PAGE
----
One of DERMAdoctor’s most popular products is KP Duty, a treatment cream designed to improve a skin disorder known as keratosis pilaris. More commonly known as KP or chicken skin, this disorder is characterized by a swath of pink to red, raised bumps dotting the upper arms and thighs of many people. It’s a benign condition but one many find unsightly. Although there isn’t a cure for KP, gentle cleansing, disinfecting with benzoyl peroxide, and exfoliating with a well-formulated AHA or BHA product can make a remarkable difference in the severity and appearance of these bumps. That’s one of the reasons we rated DERMAdoctor’s original KP Duty product highly.
The backstory above was necessary because KP Duty Intensive Priming Serum is meant to be applied before the company’s original KP Duty treatment, with the goal being to further reduce redness and inflammation. To that end, this lightweight serum contains several anti-irritants along with some good skin-repairing ingredients and antioxidants. The tiny amount of glycolic acid isn’t enough to promote exfoliation, but if you’re using another AHA (or BHA, which many find preferable for KP), exfoliant this isn’t an issue.
The major problem we have with this product is the price: Assuming someone with KP will be using it on affected areas, one ounce of this product isn’t going to last long if applied daily to arms and legs. For certain, this isn’t a product that will offer much if any improvement for KP, especially not when compared to many other well-formulated body products that cost a lot less.
Contains 11 agents to remedy the redness and pink polka dots associated with irritated dry skin and Keratosis Pilaris. It preps skin to accelerate the effects of KP Duty moisturizing therapy.
Aqua (Water), Butylene Glycol, Isohexadecane, Glycerin, Cyclopentasiloxane, Ammonium Polyacryloyldimethyl Taurate, PEG-12 Dimethicone, Superoxide Dismutase, Phospholipids, Propylene Glycol, Polysorbate 80, Camellia Sinensis (White Tea) Leaf Extract, Camellia Oleifera (Green Tea) Leaf Extract, Dimethicone, PEG-60 Almond Glycerides, Caprylyl Glycol, Polysilicone 11, Dipotassium Glycyrrhizate, Sodium Hydroxide, Disodium EDTA, Glycyrrhiza Glabra (Licorice) Root Extract, Pichia/ Resveratrol Ferment Extract, Sodium Hyaluronate, Sodium Benzoate, Boswellia Serrata Extract, Honey Extract, Coleus Forskohlii Root Oil, Urea, Tocopheryl Acetate, Glycolic Acid, Decyl Glucoside, Aspalathus Linearis (Rooibos) Leaf Extract, Carbomer, Tetrapeptide-14, Nordihydroguaiaretic Acid, Oleanolic Acid, Phenoxyethanol, Methylparaben, Butylparaben, Propylparaben, Ethylparaben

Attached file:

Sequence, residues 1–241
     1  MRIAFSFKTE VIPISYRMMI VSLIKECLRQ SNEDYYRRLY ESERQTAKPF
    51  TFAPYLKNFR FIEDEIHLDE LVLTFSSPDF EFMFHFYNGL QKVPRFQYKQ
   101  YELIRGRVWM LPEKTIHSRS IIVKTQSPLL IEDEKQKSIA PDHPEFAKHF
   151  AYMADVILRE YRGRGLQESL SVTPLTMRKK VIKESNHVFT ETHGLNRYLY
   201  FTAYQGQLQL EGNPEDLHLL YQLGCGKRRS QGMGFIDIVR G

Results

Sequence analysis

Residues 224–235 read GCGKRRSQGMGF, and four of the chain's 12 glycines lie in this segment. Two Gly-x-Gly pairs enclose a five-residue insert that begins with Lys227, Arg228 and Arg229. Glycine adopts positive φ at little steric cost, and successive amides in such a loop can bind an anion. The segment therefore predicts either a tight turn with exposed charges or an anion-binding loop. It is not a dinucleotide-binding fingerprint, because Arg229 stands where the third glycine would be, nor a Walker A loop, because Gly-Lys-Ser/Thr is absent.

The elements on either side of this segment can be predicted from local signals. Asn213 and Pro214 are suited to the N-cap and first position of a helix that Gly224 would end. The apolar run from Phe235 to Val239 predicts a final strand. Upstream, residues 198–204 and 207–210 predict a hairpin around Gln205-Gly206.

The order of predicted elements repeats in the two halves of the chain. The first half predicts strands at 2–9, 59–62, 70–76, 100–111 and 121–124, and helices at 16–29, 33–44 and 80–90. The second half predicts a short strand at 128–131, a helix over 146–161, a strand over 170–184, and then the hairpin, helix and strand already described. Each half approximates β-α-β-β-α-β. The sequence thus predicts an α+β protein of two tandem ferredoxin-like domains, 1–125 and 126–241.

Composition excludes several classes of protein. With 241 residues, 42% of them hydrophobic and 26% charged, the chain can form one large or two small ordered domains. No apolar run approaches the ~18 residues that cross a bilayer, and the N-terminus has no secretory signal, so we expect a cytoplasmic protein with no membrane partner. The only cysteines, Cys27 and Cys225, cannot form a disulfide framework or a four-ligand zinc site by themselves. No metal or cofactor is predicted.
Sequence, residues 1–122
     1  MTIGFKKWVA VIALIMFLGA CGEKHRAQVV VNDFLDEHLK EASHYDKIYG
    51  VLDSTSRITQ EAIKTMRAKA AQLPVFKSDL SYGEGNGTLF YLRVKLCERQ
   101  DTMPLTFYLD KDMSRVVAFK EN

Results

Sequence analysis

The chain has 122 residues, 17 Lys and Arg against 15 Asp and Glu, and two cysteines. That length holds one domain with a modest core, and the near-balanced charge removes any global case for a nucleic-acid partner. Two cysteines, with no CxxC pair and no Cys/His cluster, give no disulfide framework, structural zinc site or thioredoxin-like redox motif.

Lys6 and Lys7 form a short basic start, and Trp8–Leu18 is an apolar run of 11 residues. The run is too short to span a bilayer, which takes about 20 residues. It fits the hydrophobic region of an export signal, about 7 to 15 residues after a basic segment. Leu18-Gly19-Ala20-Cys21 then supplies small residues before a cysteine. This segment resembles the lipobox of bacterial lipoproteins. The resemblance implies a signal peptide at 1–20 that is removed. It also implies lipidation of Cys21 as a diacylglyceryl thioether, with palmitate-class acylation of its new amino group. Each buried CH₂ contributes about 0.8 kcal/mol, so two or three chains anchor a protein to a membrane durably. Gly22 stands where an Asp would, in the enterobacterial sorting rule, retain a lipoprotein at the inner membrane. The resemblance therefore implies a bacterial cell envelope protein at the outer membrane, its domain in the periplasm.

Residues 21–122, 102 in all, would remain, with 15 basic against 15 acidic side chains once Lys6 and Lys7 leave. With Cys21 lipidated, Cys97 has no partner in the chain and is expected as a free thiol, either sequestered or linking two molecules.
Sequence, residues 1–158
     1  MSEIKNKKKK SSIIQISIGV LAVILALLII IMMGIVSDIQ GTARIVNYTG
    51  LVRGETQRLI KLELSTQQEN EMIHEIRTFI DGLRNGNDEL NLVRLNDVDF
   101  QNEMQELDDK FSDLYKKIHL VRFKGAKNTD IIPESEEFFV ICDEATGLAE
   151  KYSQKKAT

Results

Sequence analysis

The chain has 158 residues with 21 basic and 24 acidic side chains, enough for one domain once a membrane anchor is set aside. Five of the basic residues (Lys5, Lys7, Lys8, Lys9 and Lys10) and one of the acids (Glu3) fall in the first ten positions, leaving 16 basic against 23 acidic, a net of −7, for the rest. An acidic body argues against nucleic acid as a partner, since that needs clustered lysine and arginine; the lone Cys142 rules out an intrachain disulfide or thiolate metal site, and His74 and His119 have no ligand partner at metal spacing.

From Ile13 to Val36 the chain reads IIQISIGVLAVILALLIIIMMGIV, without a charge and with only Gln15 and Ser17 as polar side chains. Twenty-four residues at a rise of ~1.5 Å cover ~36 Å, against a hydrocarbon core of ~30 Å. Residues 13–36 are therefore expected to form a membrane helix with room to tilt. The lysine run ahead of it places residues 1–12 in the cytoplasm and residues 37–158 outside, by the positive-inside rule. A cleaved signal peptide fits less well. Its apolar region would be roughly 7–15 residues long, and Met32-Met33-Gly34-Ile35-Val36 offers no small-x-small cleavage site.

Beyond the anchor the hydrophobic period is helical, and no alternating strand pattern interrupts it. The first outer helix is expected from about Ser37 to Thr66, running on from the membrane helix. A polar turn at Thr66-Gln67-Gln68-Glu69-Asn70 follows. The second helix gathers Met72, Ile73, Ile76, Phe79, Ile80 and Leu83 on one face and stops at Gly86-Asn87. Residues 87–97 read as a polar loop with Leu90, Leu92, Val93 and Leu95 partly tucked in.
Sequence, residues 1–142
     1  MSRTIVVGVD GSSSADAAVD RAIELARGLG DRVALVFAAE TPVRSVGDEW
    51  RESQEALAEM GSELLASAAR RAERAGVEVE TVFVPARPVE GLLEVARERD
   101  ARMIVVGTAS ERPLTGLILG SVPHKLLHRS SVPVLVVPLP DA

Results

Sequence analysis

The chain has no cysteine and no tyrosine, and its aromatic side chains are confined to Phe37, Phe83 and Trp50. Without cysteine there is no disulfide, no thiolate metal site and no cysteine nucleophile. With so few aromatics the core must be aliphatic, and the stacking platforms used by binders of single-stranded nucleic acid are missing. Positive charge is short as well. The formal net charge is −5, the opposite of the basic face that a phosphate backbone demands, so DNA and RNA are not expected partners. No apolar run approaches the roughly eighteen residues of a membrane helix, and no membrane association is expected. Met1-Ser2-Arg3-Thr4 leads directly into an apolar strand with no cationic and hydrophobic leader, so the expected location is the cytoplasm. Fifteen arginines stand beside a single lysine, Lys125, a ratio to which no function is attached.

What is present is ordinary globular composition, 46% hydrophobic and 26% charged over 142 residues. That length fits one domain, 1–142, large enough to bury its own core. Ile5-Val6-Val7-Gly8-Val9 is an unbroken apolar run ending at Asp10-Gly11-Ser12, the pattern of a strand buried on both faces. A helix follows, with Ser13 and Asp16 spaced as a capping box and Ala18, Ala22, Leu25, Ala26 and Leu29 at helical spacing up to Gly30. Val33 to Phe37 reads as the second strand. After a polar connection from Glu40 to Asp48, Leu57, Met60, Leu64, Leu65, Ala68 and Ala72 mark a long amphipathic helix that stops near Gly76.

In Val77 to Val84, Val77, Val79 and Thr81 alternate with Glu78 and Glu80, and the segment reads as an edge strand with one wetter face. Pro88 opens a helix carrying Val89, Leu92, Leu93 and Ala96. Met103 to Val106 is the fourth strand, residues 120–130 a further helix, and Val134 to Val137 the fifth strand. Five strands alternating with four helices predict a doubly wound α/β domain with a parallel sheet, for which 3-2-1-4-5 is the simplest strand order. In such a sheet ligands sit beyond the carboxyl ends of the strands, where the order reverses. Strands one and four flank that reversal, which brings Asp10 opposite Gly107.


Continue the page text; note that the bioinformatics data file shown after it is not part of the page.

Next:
Strengths: Company provides complete product ingredient lists on its Web site; well formulated AHA products; sunscreens provide critical broad-spectrum protection, good oil-control product; a couple of great, though pricey, cleansers.
Weaknesses: Expensive; mostly poor anti-acne products; anti-wrinkle products making imossible claims; clinical studies alluded to are not made available to the public (which is odd, given that this is a brand fronted by a dermatologist); some product formulas suffer due to jar packaging.
The DERMAdoctor line is the brainchild of Kansas City-based dermatologist Dr. Audrey Kunin. Dr. Kunin's Web site retails not only the DERMAdoctor brand but several products from other brands, many of which have ties to specific dermatologic concerns (everything from athlete's foot to warts). Many of these specialty products are available from your local drugstore, but Kunin's site provides helpful, mostly reliable information concerning various skin-care concerns.
We wish her own products followed the strength of her advice, but alas, most do not. This is another dermatologist-developed line with plenty of products whose names and claims make you think they're a cosmetic corrective procedure in a bottle (or, in some cases, a jar, which is never a good packaging move). There are some products to pay attention to, though whether you want to strongly consider them or not comes down to how much you feel comfortable spending (DERMAdoctor products aren't cheap).
DERMAdoctor isn't exactly "your prescription for beautiful skin" but Dr. Kunin gets enough right that her line isn't one to gloss over, particularly if you're shopping for sunscreens, AHA products, and facial cleansers. Those with acne should look elsewhere, because DERMAdoctor's products don't have the solution, despite their cute product names.
For more information about DERMAdoctor, call (877) 337-6237 or visit www.dermadoctor.com.
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